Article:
Lipid oxidation tends to reduce the quality and safety of food through the development of toxic compounds resulting in rancidity and perception of unpleasant tastes and odors; therefore, antioxidants are relevant food additives focused on preventing lipid oxidation, and improving the shelf life of food (Nitschke and Silva, 2018). Some BS have exhibited antioxidant properties, as observed in the case of glycolipids called mannosylerythritol lipids synthesized by yeasts of the genus Pseudozyma and its free radical neutralizing effect analyzed through the method of 1,1-diphenyl-2-picrylhydrazine (DPPH) (Takahashi et al., 2012). On the other hand, an emulsifying polysaccharide of Klebsiella shows inhibition of the self-oxidation of soybean oil by encapsulation processes (Campos et al., 2013). B. subtilis produces a lipopeptide capable of neutralizing free radicals and that can be used as a natural antioxidant in foods by protecting cells from oxidative stress (Yalçın and Çavuşoğlu, 2010). Meanwhile, Bacillus methylotrophicus produces a lipopeptide with chelating activity for iron ions and antioxidant activity above commercial products such as Ethylene Diamine Tetra-Acetic Acid (EDTA), and hydroxybutylanisole (BHA) that makes it an alternative potential as an antioxidant agent (Jemil et al., 2017).


Despite the advantages of the BS with respect to their counterparts derived from the petrochemical industry, some drawbacks of these biomolecules are: 1) Acquisition of products with a  high  degree  of purity is difficult due to the need for steps of consecutive purification on the culture; 2) Superproductive species are rare in such a way that the known producing species are not capable of producing high surfactant yields, and they require a complex culture medium; 3) Biosynthesis regulation is not fully understood as well; hence these biomolecules can be produced as secondary metabolites or in association with microbial growth; 4) Increased productivity is often affected by foaming, which requires the use of a diluted medium, and 5) Large-scale production is of high economic costs (Sobrinho et al., 2013; Fenibo et al., 2019).

Commonly, a large part of biotechnological processes requires high cost inputs, so it is necessary to ensure optimum product performance at the lowest cost through economical materials. On the other hand, microorganisms produce very low amounts of active tense and the subsequent processing of biotechnological products costs between 60 and 80% of the total production expenditure; therefore, in most cases, marketable BS products are economically high and it is important to reduce production costs through the use of economic and renewable substrates (Banat et al., 2014; Banat and Thavasi, 2018).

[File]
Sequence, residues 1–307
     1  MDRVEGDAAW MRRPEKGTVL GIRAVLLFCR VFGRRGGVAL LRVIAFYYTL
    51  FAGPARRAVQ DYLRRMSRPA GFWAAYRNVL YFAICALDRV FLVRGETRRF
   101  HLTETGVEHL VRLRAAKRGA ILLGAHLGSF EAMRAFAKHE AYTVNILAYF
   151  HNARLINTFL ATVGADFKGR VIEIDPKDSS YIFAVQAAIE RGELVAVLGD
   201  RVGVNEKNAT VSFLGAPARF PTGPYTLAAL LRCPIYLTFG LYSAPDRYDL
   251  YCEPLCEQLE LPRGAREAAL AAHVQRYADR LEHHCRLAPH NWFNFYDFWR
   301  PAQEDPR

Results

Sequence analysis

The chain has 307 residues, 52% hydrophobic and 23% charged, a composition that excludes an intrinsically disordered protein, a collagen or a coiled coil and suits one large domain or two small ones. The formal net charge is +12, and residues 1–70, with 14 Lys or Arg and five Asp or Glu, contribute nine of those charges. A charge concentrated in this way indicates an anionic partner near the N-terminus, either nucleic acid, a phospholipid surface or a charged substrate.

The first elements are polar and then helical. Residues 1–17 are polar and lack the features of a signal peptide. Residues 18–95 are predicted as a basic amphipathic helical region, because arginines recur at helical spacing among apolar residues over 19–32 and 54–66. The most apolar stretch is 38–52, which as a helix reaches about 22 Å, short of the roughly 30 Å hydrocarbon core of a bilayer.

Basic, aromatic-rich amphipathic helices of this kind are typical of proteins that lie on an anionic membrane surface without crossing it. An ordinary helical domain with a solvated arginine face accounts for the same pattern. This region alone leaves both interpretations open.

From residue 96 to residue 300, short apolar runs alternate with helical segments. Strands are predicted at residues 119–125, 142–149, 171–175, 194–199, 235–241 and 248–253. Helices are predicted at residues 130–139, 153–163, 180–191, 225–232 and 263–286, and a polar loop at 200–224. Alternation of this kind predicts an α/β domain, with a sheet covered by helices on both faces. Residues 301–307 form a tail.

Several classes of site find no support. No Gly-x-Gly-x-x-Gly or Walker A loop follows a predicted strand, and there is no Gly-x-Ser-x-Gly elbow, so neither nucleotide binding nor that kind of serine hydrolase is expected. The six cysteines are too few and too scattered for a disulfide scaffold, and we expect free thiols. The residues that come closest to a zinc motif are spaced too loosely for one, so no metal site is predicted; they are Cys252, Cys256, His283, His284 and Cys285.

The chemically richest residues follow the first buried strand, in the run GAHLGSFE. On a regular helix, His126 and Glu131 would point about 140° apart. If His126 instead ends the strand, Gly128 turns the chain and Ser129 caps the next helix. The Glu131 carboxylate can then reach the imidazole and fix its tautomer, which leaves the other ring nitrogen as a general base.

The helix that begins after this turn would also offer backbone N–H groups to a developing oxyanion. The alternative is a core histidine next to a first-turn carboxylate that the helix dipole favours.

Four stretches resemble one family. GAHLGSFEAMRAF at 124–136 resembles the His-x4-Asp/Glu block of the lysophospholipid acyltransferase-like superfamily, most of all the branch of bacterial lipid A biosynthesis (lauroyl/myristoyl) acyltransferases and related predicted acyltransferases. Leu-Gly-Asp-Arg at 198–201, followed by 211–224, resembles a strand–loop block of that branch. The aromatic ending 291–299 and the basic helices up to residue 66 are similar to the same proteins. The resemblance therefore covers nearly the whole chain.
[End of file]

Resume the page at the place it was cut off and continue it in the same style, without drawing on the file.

The relationship between BS and food is that different agroindustrial wastes, due to their high sugar and lipid content, can be used as a substrate by microorganisms producing these compounds. In this way, they are considered economic processes and cultivation conditions (impediment to the production of large scales), in addition to environmental care, recycling and recovery of this waste; being wastes from the oil, dairy, distiller, food-processing by-products, and carbohydrate-rich wastes mainly intended for the production of BS (Gautam and Tyagi, 2006; Nitschke and Costa, 2007; Saharan et al., 2011; Campos et al., 2013; Banat et al., 2014; Das et al., 2018; Singh et al., 2019).




The biosurfactants are compounds of biological origin synthesized by bacteria, fungi and yeasts during their growth mainly in hydrophobic carbon sources with the ability to reduce surface tension between immiscible liquids. The BS have shown a variety of physicochemical and biological properties (antimicrobial, anti-adhesive, biodegradability, low toxicity, among others) that make them potential alternatives for use regarding their chemical-type counterparts (toxic and contaminating) for using in various industrial areas including in food. The BS due to their different physicochemical and biological properties, are promising alternatives to synthetic surfactants. However, there are still disadvantages for its use at large scales, and it is such that the synthesis of BS is at low yields and high production costs, so research should focus on the search for producing and hyper-producing  strains,   improve  and  optimize  conditions  of microbial biosynthesis, as well as extraction and purification techniques through the best knowledge of biochemical and genetic processes (Chavez et al., 2016; Akbari et al., 2018). For the application of BS in the production, processing and preservation of food, further studies should be generated regarding the physicochemical and biological properties presented in addition to its safety, an essential quality that an additive must have for its use in food.



The author has not declared any conflict of interests.